What I do remember clearly was my ride home. There I was, sitting in a nearly empty bus in my carefully selected conference clothes. And I just started laughing.
Sure, I’d just organised a conference whose launch had been disrupted by a phantom shitter. And yes, I’d had to do it in front of my colleagues after having missed out on a dream job in their department. But I’d done it, hadn’t I? And without falling to pieces (although those of us in the know had studiously avoided eye contact with one another throughout the day).
On the few occasions when I told this story in the years that followed, I used to joke that nothing but a dead body at a conference could faze me now. I don’t feel I can say that anymore because a couple of years ago a colleague told me about a time he actually did have to deal with a dead body at a conference he was organising—but that’s his story to tell. And yet, even while I was sitting on that bus, I realised that the events of that morning had given me a gift, if an incredibly stinky one. Even now, when times are tough or I’m on the verge of stressing out, I tell myself:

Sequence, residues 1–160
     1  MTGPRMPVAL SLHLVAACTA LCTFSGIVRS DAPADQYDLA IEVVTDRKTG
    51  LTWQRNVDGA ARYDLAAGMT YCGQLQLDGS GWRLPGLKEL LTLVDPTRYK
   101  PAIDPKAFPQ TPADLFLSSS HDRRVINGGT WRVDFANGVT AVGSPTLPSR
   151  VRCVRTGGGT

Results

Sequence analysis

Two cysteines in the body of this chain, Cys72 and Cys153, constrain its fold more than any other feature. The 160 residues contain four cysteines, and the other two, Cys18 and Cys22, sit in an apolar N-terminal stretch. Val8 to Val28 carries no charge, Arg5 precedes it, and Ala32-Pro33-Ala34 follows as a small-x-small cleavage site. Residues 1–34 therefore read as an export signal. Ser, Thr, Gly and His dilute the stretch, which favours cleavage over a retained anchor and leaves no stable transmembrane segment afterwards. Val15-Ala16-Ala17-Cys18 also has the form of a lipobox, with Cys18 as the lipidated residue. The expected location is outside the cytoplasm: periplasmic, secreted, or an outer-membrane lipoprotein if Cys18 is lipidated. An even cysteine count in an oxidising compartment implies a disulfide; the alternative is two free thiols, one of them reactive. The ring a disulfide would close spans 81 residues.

As long as there’s no shit on the table, my day probably isn’t all that bad.
A brief epilogue
I never found out whether the phantom shitter was ever stopped or discovered. But not long after I left the institution in question. I had coffee with the doctoral student who had assisted us during the conference. During our chat, the student told me that, from time to time during the year after I’d left, seminars and other events scheduled to take place in THAT Room had been abruptly cancelled or moved to other locations at short notice.
We shared a look.
The phantom shitter was still out there.
Happy holidays, everyone!!!
A story like this is why I rarely find academic satire . . . satirical, or funny. My response so often amounts to: "That doesn't sound outlandish; that could happen." In this case, it did, I'm sorry to see. Whew! And you survived it, just as you say.